Civil remedies may also have direct application to contractors and subcontractors who divert payment. However, civil theft does not apply to recovery of damages for a simple breach of contract. For example, a plaintiff sued for civil theft alleging that she loaned the defendant money based on an oral promise to repay; and at the time of the promise the defendant had no intention of repaying the loan was found to insufficient to state a claim for civil theft. However, where the theft occurs outside of the contract (such that what is stolen is not performance contemplated under the contract, the contract being incidental), the contractual relationship between the parties does not prevent recovery. Case in point, a contractor was found to be liable for civil theft where the contractor admitted to removing doors from the improvement which had already been installed. The court held that the contractual relationship between the parties to the claim did not prevent recovery because the stealing of the doors was distinct from the contractual arrangement.

Attorney’s Fees

A party may be able to recover its attorney’s fees in either successfully prosecuting or defending a civil theft claim. For example, If a plaintiff’s claim is found to be without substantial fact or legal support, a defendant may be awarded his/her reasonable court costs and attorney fees. However, the standard looks to be stronger than a simply “prevailing party” standard. The standard for awarding entitlement to attorney fees under § 772.104, Fla. Stat. is less stringent than under Florida’s statute that governs sanctions for meritless actions- § 57.105, Fla. Stat. For example, where plaintiff voluntarily dismissed its claim for civil theft, the trial court denied defendant entitlement to attorney fees under the civil theft statute, § 772.11, Fla. Stat., since it was unable to make findings to support defendant’s argument that the plaintiff’s claim lacked substantial fact or legal support. The appellate court then ordered the trial court to consider defendant’s entitlement to attorney fees and allow the parties to present evidence regarding the merit of the civil theft action. In another case, the Florida Supreme Court held that a defendant who was found guilty in a criminal case was collaterally estopped from defending a civil theft claim. In another case that involved underreporting of payroll on workers’ compensation audits, the defendant pled guilty to grand theft and was required to make restitution to the insurer for over half a million dollars. The insurer then sued the defendant for civil theft to recover premiums on the under-reported payroll, and the defendant was estopped from denying the essential allegations of the conviction and summary judgment was properly entered.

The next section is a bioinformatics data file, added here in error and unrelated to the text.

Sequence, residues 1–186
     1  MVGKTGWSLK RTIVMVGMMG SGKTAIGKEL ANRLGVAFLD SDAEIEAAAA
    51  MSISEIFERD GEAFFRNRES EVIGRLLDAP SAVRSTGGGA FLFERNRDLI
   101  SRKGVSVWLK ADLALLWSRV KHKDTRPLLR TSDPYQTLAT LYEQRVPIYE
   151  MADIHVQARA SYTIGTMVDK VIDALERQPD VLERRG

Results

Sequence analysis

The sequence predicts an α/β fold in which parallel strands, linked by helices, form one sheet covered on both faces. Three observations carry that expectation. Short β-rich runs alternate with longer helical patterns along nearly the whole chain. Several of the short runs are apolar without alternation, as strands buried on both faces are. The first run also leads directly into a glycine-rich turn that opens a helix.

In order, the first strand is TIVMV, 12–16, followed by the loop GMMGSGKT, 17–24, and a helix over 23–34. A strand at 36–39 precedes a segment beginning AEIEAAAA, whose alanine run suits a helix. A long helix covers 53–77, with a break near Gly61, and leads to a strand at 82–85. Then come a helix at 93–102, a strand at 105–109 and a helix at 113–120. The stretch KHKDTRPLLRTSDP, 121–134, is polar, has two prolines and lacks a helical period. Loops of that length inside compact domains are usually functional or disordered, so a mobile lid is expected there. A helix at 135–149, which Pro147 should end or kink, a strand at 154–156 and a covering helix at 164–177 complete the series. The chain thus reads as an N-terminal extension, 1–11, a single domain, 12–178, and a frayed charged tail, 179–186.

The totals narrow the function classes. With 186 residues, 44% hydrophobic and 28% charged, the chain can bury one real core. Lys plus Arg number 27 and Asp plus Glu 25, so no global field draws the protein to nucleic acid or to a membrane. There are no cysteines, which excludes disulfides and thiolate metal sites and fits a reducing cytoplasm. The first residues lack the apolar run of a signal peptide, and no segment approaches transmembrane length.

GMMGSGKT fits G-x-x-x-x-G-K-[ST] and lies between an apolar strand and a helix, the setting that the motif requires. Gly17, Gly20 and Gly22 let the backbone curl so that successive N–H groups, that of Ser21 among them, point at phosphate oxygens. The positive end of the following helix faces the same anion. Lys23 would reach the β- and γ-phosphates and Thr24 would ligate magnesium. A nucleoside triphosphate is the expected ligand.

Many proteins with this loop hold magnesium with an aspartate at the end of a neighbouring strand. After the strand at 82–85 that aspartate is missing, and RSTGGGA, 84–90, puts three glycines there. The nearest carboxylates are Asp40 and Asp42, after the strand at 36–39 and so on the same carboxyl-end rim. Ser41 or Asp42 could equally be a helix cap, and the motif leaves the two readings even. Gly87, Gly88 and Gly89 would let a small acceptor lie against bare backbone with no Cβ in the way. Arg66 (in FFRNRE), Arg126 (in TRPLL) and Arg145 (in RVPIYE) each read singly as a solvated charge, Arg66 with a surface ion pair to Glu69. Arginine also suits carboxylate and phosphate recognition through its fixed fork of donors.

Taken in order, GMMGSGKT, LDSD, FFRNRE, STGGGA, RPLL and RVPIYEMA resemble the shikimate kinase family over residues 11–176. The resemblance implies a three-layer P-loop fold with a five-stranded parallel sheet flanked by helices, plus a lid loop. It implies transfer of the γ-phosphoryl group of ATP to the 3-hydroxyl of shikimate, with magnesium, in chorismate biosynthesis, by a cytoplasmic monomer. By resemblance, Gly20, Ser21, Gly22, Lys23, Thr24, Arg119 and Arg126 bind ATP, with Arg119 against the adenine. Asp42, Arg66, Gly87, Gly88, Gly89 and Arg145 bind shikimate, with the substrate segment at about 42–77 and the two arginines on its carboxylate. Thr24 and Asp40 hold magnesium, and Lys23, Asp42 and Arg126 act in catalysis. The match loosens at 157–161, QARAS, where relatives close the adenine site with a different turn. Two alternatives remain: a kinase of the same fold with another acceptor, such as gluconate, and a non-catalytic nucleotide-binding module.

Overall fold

Have You Been a Victim of Theft?

If someone stole from you or your business, contact Miami business lawyer Andrew J. Pascale today to review your civil theft case.